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Good morning. Here’s what you need to know.
- Markets in Asia sold off in overnight trading, with Hong Kong’s Hang Seng falling 1.9 per cent. Shares in Europe are also sharply off and U.S. futures point to a negative open.
- The European Commission said this morning it is willing to directly recapitalize banks through the European Stability Mechanism — the continent’s permanent €500 billion bailout fund set to go into effect this summer.
- Italian borrowing costs increased to more than six per cent when the country auctioned 10-year debt. Yields jumped to 6.03 per cent on bonds maturing in 2012. Separately, shorter-term two-year Spanish debt jumped to 5.11 per cent.
- Euro-area economic confidence hit a two-and-a-half year low, falling to 90.6 from 92.9 a month earlier. Economists had anticipated the May reading at 91.9. Click here for the eurozone crisis for dummies >
- The European Central Bank denied earlier claims that it had advised Spain on major bank recapitalization, saying it has “not been consulted and has not expressed a position on plans by the Spanish authorities.”
- Brent crude futures fell below $105 per barrel this morning, the first time since December 2011.
- Research in Motion announced it has hired JP Morgan and RBC to advise it on strategic options unexpectedly after the closing bell. The company also said it would post a first quarter operating loss and continue to layoff employees.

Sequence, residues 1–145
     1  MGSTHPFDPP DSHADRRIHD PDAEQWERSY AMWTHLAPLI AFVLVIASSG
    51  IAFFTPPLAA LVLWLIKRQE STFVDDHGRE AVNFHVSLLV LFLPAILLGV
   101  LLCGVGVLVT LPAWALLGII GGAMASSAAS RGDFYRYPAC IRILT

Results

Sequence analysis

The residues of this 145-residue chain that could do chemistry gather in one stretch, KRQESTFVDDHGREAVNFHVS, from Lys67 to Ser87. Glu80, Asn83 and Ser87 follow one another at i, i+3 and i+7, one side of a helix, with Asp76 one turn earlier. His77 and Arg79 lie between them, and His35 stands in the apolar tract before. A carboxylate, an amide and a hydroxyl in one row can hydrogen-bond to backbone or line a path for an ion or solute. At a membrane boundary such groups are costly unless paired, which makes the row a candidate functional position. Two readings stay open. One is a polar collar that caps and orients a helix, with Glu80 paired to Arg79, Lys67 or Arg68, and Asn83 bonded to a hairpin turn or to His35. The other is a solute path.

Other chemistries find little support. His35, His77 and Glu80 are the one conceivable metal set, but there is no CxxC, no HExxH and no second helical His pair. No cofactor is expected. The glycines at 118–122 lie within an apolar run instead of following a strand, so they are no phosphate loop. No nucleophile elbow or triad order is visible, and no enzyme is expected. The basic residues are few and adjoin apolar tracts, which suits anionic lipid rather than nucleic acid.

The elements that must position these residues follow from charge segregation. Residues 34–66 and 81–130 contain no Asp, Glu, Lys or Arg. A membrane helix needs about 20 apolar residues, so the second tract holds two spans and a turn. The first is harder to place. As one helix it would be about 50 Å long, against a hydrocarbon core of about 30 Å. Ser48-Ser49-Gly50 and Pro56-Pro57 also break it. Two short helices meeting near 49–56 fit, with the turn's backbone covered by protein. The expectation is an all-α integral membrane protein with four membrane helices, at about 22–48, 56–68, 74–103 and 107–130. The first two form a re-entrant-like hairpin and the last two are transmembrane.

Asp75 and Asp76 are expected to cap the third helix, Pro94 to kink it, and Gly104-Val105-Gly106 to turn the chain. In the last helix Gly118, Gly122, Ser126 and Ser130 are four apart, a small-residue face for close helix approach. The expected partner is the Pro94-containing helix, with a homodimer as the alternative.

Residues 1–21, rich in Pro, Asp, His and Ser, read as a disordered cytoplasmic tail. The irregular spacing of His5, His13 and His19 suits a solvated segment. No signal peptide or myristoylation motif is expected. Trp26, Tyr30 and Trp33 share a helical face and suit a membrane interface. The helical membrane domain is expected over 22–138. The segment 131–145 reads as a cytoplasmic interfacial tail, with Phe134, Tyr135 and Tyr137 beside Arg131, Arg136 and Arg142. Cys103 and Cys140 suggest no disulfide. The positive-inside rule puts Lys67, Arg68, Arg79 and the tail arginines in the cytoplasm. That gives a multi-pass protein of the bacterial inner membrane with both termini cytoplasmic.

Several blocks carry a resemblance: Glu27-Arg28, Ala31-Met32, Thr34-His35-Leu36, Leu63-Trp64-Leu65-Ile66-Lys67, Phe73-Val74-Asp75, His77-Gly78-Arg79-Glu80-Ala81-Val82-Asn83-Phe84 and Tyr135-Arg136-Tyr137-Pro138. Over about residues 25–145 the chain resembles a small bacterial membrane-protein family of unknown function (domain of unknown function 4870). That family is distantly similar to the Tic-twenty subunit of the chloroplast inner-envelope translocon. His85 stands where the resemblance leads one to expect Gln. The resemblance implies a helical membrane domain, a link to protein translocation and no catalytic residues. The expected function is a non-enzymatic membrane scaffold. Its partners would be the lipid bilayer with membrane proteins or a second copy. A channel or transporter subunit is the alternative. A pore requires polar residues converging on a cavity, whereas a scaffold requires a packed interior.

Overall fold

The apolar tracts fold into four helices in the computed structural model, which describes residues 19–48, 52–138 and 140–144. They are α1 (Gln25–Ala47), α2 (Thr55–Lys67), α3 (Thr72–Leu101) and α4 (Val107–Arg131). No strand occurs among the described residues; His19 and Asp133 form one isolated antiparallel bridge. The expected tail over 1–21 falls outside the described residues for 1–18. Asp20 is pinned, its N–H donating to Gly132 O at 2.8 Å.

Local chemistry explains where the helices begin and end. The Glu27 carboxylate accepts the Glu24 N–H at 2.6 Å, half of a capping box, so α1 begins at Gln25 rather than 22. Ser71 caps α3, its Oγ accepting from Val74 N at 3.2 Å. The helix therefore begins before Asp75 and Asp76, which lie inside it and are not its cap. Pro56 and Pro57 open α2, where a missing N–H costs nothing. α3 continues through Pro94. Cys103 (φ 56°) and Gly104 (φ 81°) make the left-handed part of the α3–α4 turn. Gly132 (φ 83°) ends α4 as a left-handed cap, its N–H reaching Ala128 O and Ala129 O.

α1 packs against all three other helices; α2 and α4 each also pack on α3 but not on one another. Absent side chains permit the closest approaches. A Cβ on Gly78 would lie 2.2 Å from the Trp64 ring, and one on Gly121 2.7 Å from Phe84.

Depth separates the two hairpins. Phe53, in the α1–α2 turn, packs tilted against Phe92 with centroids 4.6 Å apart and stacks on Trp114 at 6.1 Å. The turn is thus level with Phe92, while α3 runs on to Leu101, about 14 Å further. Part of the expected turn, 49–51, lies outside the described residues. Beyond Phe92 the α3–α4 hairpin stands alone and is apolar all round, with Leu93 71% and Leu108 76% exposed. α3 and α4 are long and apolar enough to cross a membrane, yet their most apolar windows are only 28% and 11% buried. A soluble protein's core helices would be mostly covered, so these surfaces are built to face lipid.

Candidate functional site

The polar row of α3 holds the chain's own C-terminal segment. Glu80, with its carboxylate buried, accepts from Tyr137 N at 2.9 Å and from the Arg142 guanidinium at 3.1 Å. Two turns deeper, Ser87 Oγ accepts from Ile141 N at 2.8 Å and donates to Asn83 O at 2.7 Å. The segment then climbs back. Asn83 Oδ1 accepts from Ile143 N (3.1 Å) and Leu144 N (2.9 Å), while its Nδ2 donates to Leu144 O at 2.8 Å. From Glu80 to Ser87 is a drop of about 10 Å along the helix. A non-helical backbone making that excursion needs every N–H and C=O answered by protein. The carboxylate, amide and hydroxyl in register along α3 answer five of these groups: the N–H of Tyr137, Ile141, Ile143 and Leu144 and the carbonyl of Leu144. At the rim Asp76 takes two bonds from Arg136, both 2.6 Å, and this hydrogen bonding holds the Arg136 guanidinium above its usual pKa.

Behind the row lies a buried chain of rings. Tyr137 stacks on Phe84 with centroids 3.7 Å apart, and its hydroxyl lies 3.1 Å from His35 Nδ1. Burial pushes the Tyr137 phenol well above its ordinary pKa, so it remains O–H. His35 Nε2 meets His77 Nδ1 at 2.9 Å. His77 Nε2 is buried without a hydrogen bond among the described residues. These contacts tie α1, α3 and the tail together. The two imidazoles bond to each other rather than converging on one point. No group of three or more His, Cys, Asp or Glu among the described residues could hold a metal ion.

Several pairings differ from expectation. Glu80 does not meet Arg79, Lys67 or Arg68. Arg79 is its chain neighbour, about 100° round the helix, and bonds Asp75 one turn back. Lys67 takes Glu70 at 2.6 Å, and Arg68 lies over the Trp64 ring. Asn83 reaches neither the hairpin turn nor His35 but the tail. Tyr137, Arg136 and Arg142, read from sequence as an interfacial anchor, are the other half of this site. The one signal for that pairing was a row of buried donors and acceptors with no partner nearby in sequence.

- Apple CEO Tim Cook says television is an area of “intense focus” for the U.S.’s most valuable company. Cook spoke at the All Things D, D10 Conference yesterday in Rancho Palos Verdes, Calif. Now, here’s what the next iPhone could look like >
- Mitt Romney secured the Republican nomination for the presidential race this November, after winning the primary in Texas with more than 69 per cent of the vote. One of these 16 people could be Romney’s choice for VP >
- The key U.S. economic announcement of the day is pending home sales, which will be released at 10:00 a.m. Expectations are for no sequential change in April, representing a 22.0 per cent year-on-year gain. Follow it live on Money Game >